I’m one of those insanely lucky Gen X kids who grew up in a much simpler time, in a simpler place. A small country town, where most of my friends parents worked in a steel or aluminum smelter, drove trucks, worked in fisheries or forestry or they lived on farms.
I fondly remember walking the 2 kilometre stretch to school in a group that started at either end of the town and which gained, numbers and decibels, the closer to school the group got.
What started out as clean, well presented school kids, became a heaving mass of noise and disruption as we picked Mrs Jones’ (The crazy cat lady) plums and threw them at each other after eating our fill. In winter we’d break the ice off the top of puddles to put down our friends backs and we’d ride straight through those same puddles to splash our sisters with mud.
And yes, like most kids of our generation, there’d sometimes be fights because we didn’t seem to have any limits and someone would get hurt and there’d be a momentary cessation of pleasantries while a couple of combatants would throw wild haymakers at each other until one of the girls would scream “knock it off you boys, we’re going to be late for school”. If a girl from my home town tells you to move. You move.
Oh, how I miss those simpler times. I miss them not for me but for the kids of today, including my own, who, for all the talk of inclusion and harmony are being left behind. To counter this, many parents are seeking answers in places that in my childhood would have been the domain of hippies.
It was my absolute joy this morning to run into a friend I hadn’t seen in years. It’s not like she lives a long way from me, I could literally walk to her house from mine. But you know….Life.
It was one of those brief encounters where everyone is trying to cram the most important bullet points of the intervening years into a few moments.
When I asked the question about kids and school, the tone changed and while trying to remain upbeat, this brave hardworking mum told me her son was currently suspended from primary school and they’re struggling to find a place for him to fit into because he has ADHD and Autism together.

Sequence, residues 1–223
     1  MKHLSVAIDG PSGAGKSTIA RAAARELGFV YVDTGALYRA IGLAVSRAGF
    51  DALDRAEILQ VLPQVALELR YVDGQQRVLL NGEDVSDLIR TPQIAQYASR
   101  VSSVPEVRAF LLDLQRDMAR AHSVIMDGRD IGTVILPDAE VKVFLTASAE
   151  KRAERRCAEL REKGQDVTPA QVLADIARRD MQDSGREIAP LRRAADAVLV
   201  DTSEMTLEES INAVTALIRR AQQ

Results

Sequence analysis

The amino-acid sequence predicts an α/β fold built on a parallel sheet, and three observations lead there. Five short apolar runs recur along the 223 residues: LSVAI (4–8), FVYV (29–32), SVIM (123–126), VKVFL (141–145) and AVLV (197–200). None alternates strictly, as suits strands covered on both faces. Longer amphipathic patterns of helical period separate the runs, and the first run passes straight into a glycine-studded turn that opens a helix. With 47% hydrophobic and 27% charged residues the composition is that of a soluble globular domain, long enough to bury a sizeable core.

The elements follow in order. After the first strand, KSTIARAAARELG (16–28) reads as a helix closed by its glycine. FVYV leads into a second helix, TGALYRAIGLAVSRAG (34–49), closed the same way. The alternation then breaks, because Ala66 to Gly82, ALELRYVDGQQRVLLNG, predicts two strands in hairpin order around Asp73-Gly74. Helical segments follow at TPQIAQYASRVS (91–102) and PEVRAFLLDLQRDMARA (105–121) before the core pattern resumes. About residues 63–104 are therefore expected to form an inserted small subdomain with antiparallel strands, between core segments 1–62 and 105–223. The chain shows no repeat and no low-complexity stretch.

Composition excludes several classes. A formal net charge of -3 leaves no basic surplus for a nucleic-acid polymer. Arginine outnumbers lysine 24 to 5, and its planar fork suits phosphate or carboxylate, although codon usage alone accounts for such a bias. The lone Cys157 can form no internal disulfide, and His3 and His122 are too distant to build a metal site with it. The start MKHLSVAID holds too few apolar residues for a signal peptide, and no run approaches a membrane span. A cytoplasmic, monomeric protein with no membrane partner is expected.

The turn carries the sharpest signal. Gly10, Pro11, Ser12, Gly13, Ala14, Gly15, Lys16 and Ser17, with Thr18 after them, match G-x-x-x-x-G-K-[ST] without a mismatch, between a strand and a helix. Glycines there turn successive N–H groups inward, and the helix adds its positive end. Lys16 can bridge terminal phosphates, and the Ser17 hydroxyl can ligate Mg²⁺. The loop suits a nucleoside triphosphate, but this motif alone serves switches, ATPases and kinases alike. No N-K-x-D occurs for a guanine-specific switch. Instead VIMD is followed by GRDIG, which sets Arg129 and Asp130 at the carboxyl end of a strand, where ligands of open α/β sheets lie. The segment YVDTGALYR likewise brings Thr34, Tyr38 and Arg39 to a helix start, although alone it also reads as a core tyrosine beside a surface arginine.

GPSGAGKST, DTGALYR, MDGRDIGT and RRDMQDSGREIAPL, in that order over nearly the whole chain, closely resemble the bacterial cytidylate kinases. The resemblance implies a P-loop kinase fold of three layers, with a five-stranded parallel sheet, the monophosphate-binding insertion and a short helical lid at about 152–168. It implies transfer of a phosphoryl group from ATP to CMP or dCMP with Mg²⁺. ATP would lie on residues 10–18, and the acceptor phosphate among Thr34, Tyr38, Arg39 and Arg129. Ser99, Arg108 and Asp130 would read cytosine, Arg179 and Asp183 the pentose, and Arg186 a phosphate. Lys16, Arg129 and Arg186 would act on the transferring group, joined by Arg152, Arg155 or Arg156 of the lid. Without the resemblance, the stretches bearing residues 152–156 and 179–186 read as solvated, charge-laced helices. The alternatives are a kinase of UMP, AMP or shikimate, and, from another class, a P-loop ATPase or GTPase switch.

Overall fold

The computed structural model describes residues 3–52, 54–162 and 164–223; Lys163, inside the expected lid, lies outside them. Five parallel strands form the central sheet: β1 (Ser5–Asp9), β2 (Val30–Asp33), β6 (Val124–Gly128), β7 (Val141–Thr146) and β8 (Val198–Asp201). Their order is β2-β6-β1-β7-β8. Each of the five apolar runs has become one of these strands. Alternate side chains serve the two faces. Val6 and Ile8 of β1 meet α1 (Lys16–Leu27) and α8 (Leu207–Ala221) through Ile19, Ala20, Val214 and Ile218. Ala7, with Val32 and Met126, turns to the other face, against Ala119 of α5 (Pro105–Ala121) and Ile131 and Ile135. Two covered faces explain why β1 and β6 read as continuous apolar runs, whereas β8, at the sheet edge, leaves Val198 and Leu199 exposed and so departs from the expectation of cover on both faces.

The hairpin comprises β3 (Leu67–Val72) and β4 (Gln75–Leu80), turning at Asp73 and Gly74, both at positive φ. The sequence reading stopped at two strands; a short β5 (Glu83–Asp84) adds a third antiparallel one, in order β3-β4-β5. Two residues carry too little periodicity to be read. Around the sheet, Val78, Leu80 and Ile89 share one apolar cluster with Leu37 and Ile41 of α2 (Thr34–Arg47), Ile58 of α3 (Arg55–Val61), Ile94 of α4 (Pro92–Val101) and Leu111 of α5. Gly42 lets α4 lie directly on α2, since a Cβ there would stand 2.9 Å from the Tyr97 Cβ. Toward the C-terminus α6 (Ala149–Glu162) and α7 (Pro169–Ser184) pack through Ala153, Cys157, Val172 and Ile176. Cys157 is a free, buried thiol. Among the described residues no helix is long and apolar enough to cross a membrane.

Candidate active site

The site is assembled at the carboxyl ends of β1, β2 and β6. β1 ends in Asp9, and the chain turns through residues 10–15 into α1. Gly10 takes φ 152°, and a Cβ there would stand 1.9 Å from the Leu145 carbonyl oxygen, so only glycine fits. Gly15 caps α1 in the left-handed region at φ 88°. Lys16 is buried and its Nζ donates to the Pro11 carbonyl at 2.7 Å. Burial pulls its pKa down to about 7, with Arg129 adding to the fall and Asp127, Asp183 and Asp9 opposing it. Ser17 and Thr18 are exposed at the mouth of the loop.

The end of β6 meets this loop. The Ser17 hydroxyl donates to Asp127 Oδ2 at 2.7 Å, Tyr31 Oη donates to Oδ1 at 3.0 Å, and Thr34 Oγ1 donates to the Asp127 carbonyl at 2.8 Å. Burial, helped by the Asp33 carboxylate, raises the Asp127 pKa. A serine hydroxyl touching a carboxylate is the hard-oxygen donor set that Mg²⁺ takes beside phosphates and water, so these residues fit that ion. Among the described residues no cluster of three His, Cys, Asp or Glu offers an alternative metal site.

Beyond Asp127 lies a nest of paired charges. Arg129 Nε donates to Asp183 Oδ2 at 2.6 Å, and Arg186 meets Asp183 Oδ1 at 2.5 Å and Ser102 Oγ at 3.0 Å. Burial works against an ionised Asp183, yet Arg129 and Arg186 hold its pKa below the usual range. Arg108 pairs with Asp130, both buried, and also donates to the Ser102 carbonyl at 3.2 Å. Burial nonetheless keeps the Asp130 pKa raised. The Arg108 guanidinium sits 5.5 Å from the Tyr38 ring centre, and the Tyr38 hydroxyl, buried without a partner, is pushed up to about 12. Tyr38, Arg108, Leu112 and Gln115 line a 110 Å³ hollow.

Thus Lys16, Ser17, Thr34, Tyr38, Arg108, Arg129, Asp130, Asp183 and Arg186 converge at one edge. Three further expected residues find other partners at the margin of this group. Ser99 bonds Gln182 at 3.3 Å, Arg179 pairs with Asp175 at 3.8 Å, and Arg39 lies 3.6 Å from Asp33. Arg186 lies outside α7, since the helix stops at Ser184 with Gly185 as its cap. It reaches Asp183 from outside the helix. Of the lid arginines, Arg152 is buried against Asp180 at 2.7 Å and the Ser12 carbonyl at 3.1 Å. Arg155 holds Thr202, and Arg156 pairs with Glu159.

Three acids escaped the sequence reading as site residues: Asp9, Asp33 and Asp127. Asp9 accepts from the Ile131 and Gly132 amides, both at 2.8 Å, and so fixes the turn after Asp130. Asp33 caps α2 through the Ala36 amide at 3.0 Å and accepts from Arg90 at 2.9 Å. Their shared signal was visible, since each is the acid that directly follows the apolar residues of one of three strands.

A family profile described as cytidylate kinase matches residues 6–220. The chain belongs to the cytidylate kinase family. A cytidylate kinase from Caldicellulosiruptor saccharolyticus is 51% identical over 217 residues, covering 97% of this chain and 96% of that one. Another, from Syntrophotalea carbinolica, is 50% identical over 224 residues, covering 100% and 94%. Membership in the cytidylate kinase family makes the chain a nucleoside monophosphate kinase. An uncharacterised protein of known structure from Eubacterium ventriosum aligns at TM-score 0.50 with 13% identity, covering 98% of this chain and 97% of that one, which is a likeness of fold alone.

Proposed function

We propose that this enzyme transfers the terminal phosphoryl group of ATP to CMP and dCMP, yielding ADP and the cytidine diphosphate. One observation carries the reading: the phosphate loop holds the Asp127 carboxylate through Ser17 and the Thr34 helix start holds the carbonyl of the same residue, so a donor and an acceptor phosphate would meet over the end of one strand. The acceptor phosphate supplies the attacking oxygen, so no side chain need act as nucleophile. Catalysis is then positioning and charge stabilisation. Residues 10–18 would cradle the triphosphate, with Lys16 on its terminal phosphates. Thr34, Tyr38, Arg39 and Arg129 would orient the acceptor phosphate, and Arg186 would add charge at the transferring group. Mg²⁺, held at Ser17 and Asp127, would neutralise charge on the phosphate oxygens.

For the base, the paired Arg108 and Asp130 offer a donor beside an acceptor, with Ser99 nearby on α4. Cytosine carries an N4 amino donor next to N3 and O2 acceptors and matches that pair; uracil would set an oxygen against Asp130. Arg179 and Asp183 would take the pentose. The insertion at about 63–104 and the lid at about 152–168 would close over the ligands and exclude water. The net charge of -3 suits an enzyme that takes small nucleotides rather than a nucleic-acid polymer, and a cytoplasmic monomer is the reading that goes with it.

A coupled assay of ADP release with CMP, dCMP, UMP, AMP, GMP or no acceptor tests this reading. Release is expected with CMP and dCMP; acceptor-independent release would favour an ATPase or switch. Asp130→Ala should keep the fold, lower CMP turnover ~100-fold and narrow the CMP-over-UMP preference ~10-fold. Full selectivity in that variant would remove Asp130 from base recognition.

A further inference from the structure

If there’s one thing I’ve learned from my cancer journey, it’s that, once something is named, you can design and implement an appropriate treatment strategy.
You, see this mum has a problem. Her son is high functioning. If he was intellectually handicapped, there are education options available to him. If he was a “normal” kid he could go to a normal school.
But he fits into a completely different box altogether so they’re at a point where Home Schooling is being considered as a very real option.
And home schooling is being considered by many parents. Parents, who are frustrated by an education system that seems hell bent on putting kids into stifling boxes when as caregivers we’re becoming more aware of the benefits of letting kids go free to find their own wings.
There’s a downside to homeschooling though, and my friend expressed it perfectly when she said “I want the very best learning environment and opportunity possible for my child but at the same time, I don’t want to lose my home, give up my study or lose the connection with adults that a career gives me.”
And that leaves my friend in a pickle.
How can she educate her child, continue her own education and personal development journey and at the same time, earn enough money to fulfill her own aspirations?
To me, the answer is a simple one. She needs to start a home based business.
We’re all becoming tech savvy, we’re all becoming aware of the benefits to ourselves and our families of working from home. After all, it was only in the 20th Century that we became addicted to the idea of working for someone else.
There was a time, we were all servants or artisans. From blacksmiths, to bakers, market gardners, even money lenders. You name it, most of our families worked around the family home.
And the technology we have at hand today allows us to re-immerse ourselves in the work from home environment while simultaneously connecting with the outside world. On a global scale. The products or services, you could bring to the world, if you worked from home are life changing.
They would change families. They would change yours.